I hated them now. Oh, I hated them.

I could also do their games. Their dangerous games that gave them power and fun.

Dangerous? No. It was just a word.

A scary word to trick me.

A trick that simply meant… ‘We don’t like you! Go away!’

Oh, tricky tricky tricky!

I hated them now. Oh, I hated them.

Watch out! Watch out!

I could trample all of you down! Rage, keep me stronger!

Jiji was dead. Angeline was dead. Reynan couldn’t be found.

Angel. I had to look for Angel.

She was thrown out the window. Angeline said grandpa found her, and she was resting in bed, waiting for me to come home.


Even in dreams, angels would lie!

Why would they lie to a kid? Didn’t they think I had already had enough?

Maybe they wanted me to die. Maybe it was their way to make me really angry, so I would find a way to die!

Maybe that was it! I got it!

Jiji was dead. Angeline was dead.

They wanted me dead, too.

Now I must figure out a way to die! I had a feeling that it wouldn’t happen in my sleep anytime soon.

Dangerous games? Grief? What else?

Subtle hostility? ‘We don’t like you! Go away!’ Was that what they meant?

Yes, it was.

No, they weren’t protecting me! Cuts, wounds, scratches, scars? I could have them all.

Who were they kidding? They weren’t protecting my delicate skin! I didn’t think so! And I wasn’t as fragile as they thought I was!

It meant… ‘We don’t like you! Go away!’

Hey, I was smart enough to understand that. I should have understood it early on.

Why did I even let them fool me, anyway?

Angels had been fooling me! Magic had been fooling me! Everything else had been fooling me!

My heart was already numb to all the trickery.

I had been hurting too much already.

Enough. Enough.

I wouldn’t wish for a good friend anymore. I didn’t even want to have a good heart anymore.

So be it.

Rage, keep me stronger.

It was time to go bad.

Really, really bad.

Rage is a test of character.

Take heed.

The only something.

— Indomitable —

Dear Sage,


Kidlat and Kuwago woke me up for the first time. Grandma and grandpa’s trick. I was fine with it. They were not the enemy. Not the source of my rage.

I couldn’t wait to get to school and see the kids. I couldn’t wait for recess. I couldn’t wait to play the games.

The dangerous games. Cuts, wounds, scratches? I couldn’t wait to have them all. My skin couldn’t wait for scars.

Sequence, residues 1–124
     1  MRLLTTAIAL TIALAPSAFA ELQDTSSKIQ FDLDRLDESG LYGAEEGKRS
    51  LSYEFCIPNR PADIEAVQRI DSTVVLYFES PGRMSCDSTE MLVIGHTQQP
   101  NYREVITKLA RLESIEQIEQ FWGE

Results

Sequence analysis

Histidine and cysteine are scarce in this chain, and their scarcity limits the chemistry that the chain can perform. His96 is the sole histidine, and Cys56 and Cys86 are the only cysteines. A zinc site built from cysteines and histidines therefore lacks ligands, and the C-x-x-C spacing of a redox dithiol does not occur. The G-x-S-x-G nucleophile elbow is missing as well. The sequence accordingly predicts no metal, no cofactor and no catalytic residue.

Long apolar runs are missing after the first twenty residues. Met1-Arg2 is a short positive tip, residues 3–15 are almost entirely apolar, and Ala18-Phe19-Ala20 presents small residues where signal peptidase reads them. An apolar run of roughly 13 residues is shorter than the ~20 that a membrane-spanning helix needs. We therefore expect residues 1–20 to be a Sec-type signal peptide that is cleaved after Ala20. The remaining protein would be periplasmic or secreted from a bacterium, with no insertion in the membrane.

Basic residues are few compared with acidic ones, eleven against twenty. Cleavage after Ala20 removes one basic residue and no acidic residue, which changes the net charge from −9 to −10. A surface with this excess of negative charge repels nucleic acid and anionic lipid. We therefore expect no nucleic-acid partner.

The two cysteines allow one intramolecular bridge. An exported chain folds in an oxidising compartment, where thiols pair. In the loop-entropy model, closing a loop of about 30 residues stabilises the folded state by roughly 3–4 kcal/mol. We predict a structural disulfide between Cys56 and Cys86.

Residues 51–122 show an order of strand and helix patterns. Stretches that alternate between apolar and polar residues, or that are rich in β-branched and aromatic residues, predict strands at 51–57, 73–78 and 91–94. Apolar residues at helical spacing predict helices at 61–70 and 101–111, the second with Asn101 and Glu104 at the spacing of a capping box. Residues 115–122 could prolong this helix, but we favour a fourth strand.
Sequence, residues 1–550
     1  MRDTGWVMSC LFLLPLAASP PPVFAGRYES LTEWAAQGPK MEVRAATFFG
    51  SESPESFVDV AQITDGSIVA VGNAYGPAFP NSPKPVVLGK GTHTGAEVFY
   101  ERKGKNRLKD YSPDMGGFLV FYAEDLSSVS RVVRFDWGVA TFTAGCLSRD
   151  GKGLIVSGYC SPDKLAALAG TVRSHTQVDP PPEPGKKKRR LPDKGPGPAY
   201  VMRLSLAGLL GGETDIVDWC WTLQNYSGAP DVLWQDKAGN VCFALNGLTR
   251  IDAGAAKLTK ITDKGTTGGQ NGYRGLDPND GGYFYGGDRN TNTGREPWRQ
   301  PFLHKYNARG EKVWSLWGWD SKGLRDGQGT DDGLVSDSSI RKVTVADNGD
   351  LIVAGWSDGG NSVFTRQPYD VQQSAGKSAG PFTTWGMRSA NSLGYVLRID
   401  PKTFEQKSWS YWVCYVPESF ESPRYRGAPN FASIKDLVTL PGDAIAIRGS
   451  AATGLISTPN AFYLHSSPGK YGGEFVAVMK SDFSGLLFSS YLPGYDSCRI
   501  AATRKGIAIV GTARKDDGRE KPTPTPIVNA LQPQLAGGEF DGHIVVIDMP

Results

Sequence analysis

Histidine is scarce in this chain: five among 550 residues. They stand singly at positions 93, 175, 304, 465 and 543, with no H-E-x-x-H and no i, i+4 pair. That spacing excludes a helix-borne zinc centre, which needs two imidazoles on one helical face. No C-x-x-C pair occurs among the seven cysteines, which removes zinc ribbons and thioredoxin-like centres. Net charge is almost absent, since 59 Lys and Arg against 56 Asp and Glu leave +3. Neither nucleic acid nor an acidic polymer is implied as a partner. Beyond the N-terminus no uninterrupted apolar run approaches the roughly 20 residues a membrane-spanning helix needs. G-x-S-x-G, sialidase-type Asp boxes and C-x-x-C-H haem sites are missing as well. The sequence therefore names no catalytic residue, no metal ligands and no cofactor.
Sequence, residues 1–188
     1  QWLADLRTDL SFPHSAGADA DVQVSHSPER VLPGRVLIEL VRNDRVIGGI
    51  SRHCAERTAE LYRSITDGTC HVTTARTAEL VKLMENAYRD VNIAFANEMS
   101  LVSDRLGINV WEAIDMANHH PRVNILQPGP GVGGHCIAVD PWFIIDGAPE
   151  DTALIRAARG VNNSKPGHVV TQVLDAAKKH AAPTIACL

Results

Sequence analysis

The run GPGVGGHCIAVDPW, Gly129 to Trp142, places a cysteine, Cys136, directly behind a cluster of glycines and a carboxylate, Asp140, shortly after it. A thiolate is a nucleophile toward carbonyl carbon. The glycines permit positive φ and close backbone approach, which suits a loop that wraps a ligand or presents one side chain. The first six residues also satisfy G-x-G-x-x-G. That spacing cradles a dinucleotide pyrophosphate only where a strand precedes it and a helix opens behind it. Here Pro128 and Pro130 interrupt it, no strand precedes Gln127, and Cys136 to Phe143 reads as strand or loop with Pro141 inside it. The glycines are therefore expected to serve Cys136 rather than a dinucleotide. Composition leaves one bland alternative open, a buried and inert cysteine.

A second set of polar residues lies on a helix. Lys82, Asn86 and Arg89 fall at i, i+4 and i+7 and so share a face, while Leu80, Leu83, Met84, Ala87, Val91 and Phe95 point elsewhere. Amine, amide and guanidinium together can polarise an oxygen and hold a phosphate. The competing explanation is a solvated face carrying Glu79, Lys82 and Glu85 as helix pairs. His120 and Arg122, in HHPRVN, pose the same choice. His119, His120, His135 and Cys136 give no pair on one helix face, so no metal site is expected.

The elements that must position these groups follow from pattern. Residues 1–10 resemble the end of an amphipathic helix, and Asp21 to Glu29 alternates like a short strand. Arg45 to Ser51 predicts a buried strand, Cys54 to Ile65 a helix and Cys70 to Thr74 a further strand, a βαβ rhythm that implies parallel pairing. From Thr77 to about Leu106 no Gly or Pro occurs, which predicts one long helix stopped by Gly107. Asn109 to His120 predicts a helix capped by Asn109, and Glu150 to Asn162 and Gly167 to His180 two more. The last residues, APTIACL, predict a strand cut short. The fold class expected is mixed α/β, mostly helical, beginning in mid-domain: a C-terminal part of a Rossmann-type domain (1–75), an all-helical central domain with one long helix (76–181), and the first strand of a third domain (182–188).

Which reminded me of the faint scratch in my elbow during the full moon falling scare.

I still made the bed. It might not look as pretty as the day before, but I was satisfied enough.

I joined grandma and grandpa in the kitchen. Breakfast was set. My cup of hot chocolate was waiting.

Our usual breakfast: garlic fried rice, vegetable dish, boiled bananas or boiled sweet potatoes, fresh tomatoes, grilled eggplants or grilled okras… and occasionally, fried eggs. With hot chocolate for me and coffee for grandma and grandpa.

I was famished. I was guzzling it all down like I needed a lot of energy to take on a monster.

Discomfited, grandpa took a soft grip of my hand. “Easy, easy. You’re choking yourself… Easy, okay? Easy…”

I slurped down my hot chocolate. “Grandpa, are we rich?”

Grandma smirked. “Yes. We’ve got a lot of books, a huge vegetable garden… We’ve got this house made of bamboo trees…”

“Don’t forget the logs…” grandpa chuckled.

“I make your clothes,” grandma added.

“And I’ve got shiny pencils for you,” grandpa said.

“Then how come I can’t be like any of the other kids in school?” I whined. “How come they don’t like me? How come they don’t like to play with me?”

Their faces darkened. Along with a contemplation drill.

“They just don’t want you to get hurt, that’s all,” grandpa reasoned.

“But I’m hurt ‘cause they don’t wanna play with me!” I replied.

“They’re just scared that grandpa and I would get mad if something happens to you,” grandma said.

“Then you’ve gotta tell them that you wouldn’t get mad,” I said.

Grandma proclaimed her staunch principle in human connection and friendships. Again.

I was sick of it.

It was still wrong.

I was a kid, too. I wanted to play with other kids. I shouldn’t be treated differently.

Those kids shouldn’t shove me away like that. They should see me as just another kid around. Because I was just another kid around.

What did they see in me, anyway? Did I look like one of the ghoulish entities? Did I look like a ‘tik tik’? Did I look like a viscera-sucker?

All right, then.

Let’s play.

Human connection. A hard work. A price to pay.

The only something.

— Indomitable —